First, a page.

Information about the programme was disseminated through drug abuse treatment centres. Interested people were screened on the telephone by a psychiatrist (FG), and those who seemed eligible were invited to an initial visit. During this visit the psychiatrist confirmed the patient's eligibility, explained programme procedures, obtained informed consent, performed the baseline assessment, and allocated the patient to either immediate or delayed admission by using computer generated random numbers placed in sealed envelopes.
The programme clinic was established in September 1995 by the division of substance abuse, Geneva University Hospitals, in central Geneva. Staff included a psychiatrist, an internist, a social worker, five nurses, and a secretary.
Patients attended usually three times daily. The dose of heroin was established by the psychiatrist on the basis of patients' needs. Patients were instructed in safe intravenous injection practices and could inject the drug themselves. After the injection patients were observed for about 30 minutes. If a patient was intoxicated on arrival the usual dose was halved. Oral opiates (methadone or morphine sulphate) were introduced whenever patients wanted only one or two injections a day or if they had to travel. Patients addicted to benzodiazepines received clorazepate substitution treatment; all patients received psychological counselling, HIV prevention counselling, social and legal support services, and somatic primary care.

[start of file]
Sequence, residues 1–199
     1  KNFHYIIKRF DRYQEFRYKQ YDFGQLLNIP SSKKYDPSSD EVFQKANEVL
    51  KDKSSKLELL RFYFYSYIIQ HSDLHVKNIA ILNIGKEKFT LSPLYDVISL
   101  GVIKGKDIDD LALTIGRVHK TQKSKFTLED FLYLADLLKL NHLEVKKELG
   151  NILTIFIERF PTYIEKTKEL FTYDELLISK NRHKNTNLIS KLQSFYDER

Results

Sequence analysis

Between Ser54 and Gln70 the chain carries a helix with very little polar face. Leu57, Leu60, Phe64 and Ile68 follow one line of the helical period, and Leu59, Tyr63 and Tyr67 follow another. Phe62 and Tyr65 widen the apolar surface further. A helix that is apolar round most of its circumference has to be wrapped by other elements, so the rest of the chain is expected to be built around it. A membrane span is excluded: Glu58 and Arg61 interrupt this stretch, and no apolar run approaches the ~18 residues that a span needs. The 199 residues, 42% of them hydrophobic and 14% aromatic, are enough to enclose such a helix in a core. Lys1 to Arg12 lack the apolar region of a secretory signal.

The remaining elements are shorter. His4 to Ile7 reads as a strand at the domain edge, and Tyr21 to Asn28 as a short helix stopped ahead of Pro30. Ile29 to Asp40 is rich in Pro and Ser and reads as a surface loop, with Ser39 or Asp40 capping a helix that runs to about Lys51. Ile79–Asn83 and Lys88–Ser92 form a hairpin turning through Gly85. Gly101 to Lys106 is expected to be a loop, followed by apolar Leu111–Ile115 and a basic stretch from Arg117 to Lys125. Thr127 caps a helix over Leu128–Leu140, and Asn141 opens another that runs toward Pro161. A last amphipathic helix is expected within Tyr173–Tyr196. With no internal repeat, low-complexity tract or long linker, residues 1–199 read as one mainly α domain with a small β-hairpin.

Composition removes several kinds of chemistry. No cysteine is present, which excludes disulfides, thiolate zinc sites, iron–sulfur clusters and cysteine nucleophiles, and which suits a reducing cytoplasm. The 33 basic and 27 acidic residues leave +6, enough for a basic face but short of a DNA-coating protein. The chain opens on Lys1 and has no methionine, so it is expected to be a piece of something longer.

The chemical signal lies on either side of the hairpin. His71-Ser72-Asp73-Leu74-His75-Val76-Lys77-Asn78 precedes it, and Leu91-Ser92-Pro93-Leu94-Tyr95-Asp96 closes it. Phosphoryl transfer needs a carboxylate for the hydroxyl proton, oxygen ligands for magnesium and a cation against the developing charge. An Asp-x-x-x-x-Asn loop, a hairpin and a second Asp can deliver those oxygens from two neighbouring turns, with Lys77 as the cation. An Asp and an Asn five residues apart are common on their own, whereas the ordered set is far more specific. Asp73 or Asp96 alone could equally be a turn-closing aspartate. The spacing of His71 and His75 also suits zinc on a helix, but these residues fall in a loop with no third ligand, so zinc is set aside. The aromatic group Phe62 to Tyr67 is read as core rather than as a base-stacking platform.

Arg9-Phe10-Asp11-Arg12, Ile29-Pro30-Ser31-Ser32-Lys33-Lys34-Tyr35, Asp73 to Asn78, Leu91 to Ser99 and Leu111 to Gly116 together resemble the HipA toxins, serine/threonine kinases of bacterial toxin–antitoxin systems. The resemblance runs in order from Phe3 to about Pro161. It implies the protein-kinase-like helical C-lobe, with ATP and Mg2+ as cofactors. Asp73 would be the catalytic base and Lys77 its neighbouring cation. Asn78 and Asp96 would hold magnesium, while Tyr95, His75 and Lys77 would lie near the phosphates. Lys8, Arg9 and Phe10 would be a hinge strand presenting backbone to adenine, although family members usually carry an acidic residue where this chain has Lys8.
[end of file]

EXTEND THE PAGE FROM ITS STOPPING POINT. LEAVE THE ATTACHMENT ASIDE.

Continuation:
Subjects in the control group were encouraged to select any drug treatment programme available in Geneva, were enrolled immediately whenever possible, and were given priority for admission to heroin maintenance after 6 months.
Outcome variables were consumption of street heroin and other drugs, frequency of overdoses, risk behaviours for HIV infection, numbers of days ill in past month, use of health services, health status, work status, living arrangements, quality of social relationships, monthly living and drug related expenditures, sources of income, and criminal behaviour. The questionnaire (unpublished, based on addiction severity index) was developed by the federal evaluation team, to which we added items to explore specifically the past 6 months, including risk behaviours for HIV infection, and the SF-36 health survey.15